I think we bleed with our work and with the change of seasons. We have to cope with them, finding better ways to think of it all. Because life is fleeting. Oh, boy, I need some more tissues.

    BTW, thanks for the nod to me and my blog. It is greatly appreciated. Love you for it, girlfriend!


    1. Wrapping hugs around your entire comment and you, Cathy! Oh, and grabbing another box of tissue after reading this: “I think we bleed with our work and with the change of seasons. We have to cope with them, finding better ways to think of it all. Because life is fleeting. Oh, boy, I need some more tissues.”


  7. I am more and more convinced that August throws us into thinking about the big changes that come in the fall — kids or no kids — fall brings big change for everyone. I thought I would lose that when I moved to place that really doesn’t have noticeable season changes — I thought maybe the shift would be different. It is not….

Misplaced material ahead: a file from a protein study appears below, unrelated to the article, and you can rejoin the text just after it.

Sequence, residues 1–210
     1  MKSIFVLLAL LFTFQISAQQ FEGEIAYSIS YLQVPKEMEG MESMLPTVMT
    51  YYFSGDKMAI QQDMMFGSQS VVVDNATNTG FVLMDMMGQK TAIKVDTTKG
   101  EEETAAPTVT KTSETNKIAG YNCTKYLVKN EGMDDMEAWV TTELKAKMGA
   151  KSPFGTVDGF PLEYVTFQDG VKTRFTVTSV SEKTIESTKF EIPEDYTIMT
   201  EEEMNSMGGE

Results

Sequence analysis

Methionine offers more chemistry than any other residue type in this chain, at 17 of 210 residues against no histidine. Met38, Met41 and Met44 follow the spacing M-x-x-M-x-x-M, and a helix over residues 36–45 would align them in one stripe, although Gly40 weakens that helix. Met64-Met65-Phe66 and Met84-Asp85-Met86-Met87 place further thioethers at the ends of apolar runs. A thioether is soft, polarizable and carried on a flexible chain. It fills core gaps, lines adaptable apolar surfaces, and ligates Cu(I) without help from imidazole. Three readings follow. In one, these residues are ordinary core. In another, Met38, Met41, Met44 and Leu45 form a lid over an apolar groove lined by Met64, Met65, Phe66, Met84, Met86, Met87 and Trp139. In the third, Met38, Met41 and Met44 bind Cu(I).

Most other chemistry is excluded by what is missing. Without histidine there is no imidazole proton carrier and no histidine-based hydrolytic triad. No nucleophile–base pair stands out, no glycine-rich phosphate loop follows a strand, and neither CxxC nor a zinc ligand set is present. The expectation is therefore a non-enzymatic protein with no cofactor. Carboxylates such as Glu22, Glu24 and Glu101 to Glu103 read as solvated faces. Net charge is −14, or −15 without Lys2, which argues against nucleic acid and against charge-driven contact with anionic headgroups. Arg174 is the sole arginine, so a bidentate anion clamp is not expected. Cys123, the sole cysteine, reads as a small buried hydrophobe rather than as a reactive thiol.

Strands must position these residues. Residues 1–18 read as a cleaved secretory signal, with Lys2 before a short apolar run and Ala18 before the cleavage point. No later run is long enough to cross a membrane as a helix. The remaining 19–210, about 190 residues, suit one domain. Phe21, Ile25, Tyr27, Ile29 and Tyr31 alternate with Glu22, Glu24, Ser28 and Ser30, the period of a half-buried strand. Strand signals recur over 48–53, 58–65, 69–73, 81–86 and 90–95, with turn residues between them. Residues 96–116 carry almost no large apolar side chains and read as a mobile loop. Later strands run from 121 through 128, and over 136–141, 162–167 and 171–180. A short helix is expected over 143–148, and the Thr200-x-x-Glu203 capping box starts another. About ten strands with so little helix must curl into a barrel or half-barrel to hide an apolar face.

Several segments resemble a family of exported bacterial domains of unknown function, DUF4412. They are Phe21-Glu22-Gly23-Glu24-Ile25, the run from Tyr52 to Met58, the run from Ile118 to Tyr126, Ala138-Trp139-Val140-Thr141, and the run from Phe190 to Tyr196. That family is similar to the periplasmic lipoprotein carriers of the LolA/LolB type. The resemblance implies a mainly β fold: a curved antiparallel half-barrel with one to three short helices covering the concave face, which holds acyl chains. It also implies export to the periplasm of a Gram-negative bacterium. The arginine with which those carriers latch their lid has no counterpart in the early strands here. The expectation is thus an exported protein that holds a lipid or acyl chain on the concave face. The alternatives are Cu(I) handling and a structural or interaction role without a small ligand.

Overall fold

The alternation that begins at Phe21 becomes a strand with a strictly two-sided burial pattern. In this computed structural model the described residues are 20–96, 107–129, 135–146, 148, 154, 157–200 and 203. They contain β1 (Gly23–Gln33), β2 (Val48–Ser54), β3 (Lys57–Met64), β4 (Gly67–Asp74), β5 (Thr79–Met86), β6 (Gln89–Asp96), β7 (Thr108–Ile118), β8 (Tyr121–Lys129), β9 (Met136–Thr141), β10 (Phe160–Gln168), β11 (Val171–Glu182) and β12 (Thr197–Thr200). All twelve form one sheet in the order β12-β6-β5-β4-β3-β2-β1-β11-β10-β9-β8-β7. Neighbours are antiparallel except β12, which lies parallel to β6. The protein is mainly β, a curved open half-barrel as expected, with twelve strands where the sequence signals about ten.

Maybe change is how we tie to the clock of the Earth. Or maybe it is because the traditional school calendar created a habit that is hard for our bodies to break. Whatever it is I soooo feel you Mary! Your new bleeding, the tears come with your daughter launching, are sprinkled though with hope and promise and wonder in anticipation of the next set of big changes!


    1. Ruth, your comment is so thoughtful and thought provoking! I love the concept of change possibly being how we tie to the clock of the Earth.
      I’ve always found deep meaning and purpose in the seasons. Fall, the season to shed an old skin and Spring, the season of rebirth, have always been my favorites. Perhaps, that is part of my struggle as we move into fall. I know it is a time for both physical and emotional shedding. And, as the song you shared on your page reminds, I “may never pass this way again.”